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Smile: Tiny Uniform Cameras Spreading to Police Departments Across the Country


"People behave differently when they are on camera."

Police body camera. Photo Credit: Shutterstock

First there were dashboard cameras. Now, get ready for uniform cameras.

Police departments across the country are starting to have officers wear tiny cameras that record an officer's-eye view. The little cameras attached to the front of police officers' uniforms are already familiar to those who watch the National Geographic show "Wild Justice" -- which follows California wildlife officers -- but could now start making their way to a department near you.

NPR reports that law enforcement administration see use for the cameras to help provide visual evidence in cases, including those that include accusations of police brutality, and add another measure to officer safety. According to NPR, cities like Cincinnati and Oakland, Calif., have already begun using the cameras, in addition to some small jurisdictions, and Seattle City Council member Bruce Harrell is trying to get them added to the budget for next year:

He says he hopes the result will be a more complete view of police encounters with the public, as well as better behavior across the board.

"People behave differently when they are on camera," Harrell says. "So these cameras I believe can restore trust."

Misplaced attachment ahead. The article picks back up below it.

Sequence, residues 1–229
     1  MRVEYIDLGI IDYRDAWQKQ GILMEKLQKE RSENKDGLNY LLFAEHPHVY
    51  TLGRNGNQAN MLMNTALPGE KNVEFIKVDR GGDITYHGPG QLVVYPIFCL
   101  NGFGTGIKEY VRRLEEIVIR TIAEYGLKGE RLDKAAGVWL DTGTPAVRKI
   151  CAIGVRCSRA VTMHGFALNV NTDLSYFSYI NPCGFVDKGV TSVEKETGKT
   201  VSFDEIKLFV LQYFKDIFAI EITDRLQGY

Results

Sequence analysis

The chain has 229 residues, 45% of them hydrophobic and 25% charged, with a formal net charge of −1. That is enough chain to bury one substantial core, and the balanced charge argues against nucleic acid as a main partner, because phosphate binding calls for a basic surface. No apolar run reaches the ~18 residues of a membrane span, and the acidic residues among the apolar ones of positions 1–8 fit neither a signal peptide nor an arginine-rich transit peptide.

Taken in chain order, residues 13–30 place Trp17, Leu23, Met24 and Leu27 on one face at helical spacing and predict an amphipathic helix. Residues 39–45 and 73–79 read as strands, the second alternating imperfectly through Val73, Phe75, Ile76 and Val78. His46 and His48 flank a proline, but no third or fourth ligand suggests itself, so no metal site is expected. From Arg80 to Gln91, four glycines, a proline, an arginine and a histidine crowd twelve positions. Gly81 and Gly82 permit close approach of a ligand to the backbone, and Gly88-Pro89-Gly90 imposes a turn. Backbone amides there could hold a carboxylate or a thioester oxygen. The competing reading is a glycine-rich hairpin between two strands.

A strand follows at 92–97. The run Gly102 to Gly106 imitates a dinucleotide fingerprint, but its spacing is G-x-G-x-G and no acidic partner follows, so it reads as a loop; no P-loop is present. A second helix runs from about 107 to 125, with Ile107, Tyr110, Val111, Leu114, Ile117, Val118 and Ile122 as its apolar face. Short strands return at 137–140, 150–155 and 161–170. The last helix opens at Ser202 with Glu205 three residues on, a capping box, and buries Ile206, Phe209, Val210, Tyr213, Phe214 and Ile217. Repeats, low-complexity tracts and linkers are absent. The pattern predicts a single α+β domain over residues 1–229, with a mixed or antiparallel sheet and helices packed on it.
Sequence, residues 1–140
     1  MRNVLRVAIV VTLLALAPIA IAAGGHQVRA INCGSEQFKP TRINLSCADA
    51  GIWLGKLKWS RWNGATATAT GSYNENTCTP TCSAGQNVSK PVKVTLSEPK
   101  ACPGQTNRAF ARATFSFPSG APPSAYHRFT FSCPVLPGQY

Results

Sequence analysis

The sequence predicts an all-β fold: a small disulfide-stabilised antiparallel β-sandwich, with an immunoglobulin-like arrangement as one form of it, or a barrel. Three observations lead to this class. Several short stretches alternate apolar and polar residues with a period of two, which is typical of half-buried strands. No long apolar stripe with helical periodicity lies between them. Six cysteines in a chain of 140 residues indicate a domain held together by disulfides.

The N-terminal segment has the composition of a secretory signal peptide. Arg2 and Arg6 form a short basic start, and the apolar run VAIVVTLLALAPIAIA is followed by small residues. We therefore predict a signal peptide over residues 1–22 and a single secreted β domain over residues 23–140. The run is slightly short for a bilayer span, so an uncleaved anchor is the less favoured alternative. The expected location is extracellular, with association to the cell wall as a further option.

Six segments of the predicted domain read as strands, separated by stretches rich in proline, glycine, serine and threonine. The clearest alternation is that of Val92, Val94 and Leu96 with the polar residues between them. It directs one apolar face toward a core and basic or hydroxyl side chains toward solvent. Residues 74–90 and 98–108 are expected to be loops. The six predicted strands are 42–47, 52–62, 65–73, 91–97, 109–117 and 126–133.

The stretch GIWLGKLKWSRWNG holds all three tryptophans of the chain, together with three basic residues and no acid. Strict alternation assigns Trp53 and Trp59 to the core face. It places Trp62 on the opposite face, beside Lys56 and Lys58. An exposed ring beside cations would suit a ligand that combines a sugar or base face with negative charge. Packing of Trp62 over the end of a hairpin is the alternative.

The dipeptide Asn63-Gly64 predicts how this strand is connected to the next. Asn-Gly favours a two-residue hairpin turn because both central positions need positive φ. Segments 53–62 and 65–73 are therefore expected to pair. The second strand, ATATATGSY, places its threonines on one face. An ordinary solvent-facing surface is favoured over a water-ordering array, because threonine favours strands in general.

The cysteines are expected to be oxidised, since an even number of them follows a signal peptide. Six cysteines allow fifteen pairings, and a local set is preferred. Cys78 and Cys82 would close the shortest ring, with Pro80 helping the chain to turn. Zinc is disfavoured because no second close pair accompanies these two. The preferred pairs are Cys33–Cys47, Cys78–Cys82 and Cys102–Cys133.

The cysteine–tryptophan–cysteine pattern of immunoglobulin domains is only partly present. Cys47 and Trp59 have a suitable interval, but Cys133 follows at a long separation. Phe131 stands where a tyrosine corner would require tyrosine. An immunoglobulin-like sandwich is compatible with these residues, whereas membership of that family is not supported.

Harrell's enthusiasm is not shared by Sgt. Rich O'Neill, president of the Seattle Police Officers' Guild. O'Neill doesn't like the fact that many of the departments that have adopted wearable cameras have given their officers little discretion: They're required to record every contact with the public, and can't stop recording until it's over — even if a citizen asks them to.

Last month, the Denver Post reported that its city would be added to the growing list of those with law enforcement wearing cameras. It is in the thick of a 60-day pilot program testing use of the cameras now:

"Based on concerns raised about the pattern of abuse in our law enforcement community, this is a great first step," Ulibarri said of the body cameras.

At least during the trial period, the officers testing the technology will decide when to activate their cameras. If police adopt the devices, protocols could be designed that would remove discretion from officers and specify when they must turn on their camera.

Even though this technology is meant to provide a more complete picture of crime situations, it is not without its privacy concerns. The Denver Post continues:

"This sort of recording is a double-edged sword," said John Verdi, senior counsel at the Washington, D.C.-based Electronic Privacy Information Center. "They can be valuable law enforcement tools and also demonstrate when and how police are complying or not complying with appropriate procedures. At the same time, the recordings made in the course of everyday (duty) are not the sort of things you want available to the public, and this does open them up to the public."

The Denver Post notes that VIEVU has supplied more than 1,000 police departments with this equipment so far. According to the VIEVU website, the cameras are designed for those who "need to video document their action." The device also includes a feature that locks the device for security purposes if it is lost or stolen. There are examples that show the VIEVU perspective while being worn by police officers here.

You can see a version of the uniform camera in action in this  clip from "Wild Justice," which has several shots taken from the officer's perspective and at 2:56 shows cameras mounted on their shoulders: (Note: It's a different type of camera than the VIEVU)

[youtube http://www.youtube.com/v/0QzmqeZ_D4A?version=3&hl=en_US expand=1]

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